[Beyond irony, the submit word is ‘value’

  • Ulster McNulty

    an fhirinne gharbh

    “I think we should explore further the possibility of Tayto crisps as a symbol of unity”

    Yes, as a metaphor for the multi-mono-cultures of ireland and the diversity, oneness and plurality of irishness.

    But, as I understand it, although they are both called Tayto, they are completely different companies, as different as the Irish League and the League of Ireland. Personally I prefer the Tayto cheese and onion to the cheese and onion of Tayto .

  • WJHEALY

    Well oldhack, I hate to disappoint you. Tayto and Tayto NI are two different companies. Tayto came first and licenced their methods to Tayto NI. The southern crisps are now all produced in Ashbourne by the Largo Food Group and a site in Doneygall, as are Hunky Dory and Perri crisps and some supermaket Own Labels. Tayto crisps have always been marketed differently in the North as opposed to ROI with different flavouring, packaging etc. Tayto NI also own Golden Wonder.

    The most worrying thing about Tesco is that they seem to have a hidden agenda to decimate local industry no matter where they go. They can bully British and global suppliers better than Irish so will go there.

    Anyone who has lived in GB will tell you that food is more expensive, and fruit poorer that the offerings by the main multiples here in NI.

    The mystery to me why are food prices higher. Farm gate prices are lower for meat, milk etc. The supply chain has hiked up food prices over the years but farmgate prices in physical pence per unit are now lower than what they were 20 years ago, and that is not allowing for inflation.

    I don’t think that we are blind to see what the customer pays for the TESCO LAND BANK and their SUPERMARKET DEVELOPMENT programme. Is it a co-incidence that most of the sites close to the border are pretty new and cost a lot of money. Well Mr Tesco our houses also cost a lot of money. We can’t screw more wages out of the boss so why are you doing that to us every day that we shop with you.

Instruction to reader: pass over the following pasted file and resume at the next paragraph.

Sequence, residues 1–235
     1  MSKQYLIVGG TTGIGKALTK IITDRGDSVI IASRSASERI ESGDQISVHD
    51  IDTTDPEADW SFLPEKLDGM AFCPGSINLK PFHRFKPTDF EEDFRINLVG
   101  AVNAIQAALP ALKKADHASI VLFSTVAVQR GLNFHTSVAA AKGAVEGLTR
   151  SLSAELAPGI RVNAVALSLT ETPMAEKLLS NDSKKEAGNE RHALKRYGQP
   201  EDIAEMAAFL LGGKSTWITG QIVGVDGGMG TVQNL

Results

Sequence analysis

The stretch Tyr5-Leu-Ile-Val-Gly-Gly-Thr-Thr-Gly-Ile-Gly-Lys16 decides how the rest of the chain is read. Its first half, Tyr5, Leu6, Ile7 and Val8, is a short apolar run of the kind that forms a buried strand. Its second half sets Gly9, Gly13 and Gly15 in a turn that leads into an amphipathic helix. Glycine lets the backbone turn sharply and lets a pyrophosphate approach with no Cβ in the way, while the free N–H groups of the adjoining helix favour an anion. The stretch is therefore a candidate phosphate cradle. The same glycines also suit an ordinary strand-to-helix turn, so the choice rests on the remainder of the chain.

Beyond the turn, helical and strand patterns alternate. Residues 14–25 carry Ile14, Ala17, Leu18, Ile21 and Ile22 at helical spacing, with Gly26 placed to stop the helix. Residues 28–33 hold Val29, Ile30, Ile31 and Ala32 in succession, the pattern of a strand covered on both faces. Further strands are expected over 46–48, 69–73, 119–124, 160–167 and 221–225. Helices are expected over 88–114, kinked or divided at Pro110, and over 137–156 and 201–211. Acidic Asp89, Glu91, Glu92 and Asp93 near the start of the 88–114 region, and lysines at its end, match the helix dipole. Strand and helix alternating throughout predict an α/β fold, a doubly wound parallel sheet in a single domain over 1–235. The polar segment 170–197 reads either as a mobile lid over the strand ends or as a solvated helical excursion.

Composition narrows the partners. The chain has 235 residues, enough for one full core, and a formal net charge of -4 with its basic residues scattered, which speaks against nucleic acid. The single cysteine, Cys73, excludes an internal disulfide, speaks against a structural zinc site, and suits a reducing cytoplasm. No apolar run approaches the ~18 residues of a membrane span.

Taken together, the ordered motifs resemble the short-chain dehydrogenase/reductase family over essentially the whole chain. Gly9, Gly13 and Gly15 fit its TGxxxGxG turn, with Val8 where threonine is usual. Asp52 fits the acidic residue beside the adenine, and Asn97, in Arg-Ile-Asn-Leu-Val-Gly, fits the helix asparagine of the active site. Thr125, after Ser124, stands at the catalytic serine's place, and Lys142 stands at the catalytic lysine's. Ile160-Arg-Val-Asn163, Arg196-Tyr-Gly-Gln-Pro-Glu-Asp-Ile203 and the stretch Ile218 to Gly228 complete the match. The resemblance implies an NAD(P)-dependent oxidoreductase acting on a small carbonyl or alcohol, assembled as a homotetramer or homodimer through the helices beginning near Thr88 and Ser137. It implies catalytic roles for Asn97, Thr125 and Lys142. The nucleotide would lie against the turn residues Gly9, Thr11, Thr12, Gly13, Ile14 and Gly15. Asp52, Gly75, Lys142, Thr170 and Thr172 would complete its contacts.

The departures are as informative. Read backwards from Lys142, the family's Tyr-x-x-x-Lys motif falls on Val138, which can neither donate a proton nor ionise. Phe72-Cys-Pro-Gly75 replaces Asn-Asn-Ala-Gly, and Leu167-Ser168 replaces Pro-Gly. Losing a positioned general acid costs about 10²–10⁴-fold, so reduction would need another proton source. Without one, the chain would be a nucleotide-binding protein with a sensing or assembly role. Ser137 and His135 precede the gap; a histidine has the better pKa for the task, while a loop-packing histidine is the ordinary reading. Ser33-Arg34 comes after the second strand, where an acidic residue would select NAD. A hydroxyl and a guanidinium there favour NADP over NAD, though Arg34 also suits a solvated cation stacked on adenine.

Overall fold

Here in Kilkeel a number of family run groceries including supervalue have closed down. They couldn’t compete with ASDA or Hendersons. I think that the little newsagent accross the street from Hendersons has closed. They guy who ran that sold his corner shop in England and moved back to NI.

    European and multinational food policy is tosh. We kill pigs in Cookstown, ship the carcasses to Malton in Yorkshire, cure, cut, cook and package, and ship back to Ireland. In the interim this ham/bacon etc crosses the most expensive sea in the world – The Irish Sea.

    At the end of the day we need jobs here at home. That can only be done by all parties getting a fair crack of hte whip. nor with one, in the cae of TESCO posting hteir highest profits in years. We don’t want

  • Ulster McNulty

    Laughing (Tory) Unionist

    “Well naturally I’ll be delighted if, for the privilege of selling people goods in NI, poor old Tesco are obligated to buy goods from me, regardless of their quality or price as per the open market, but who exactly does that help? Me, and, er, mine”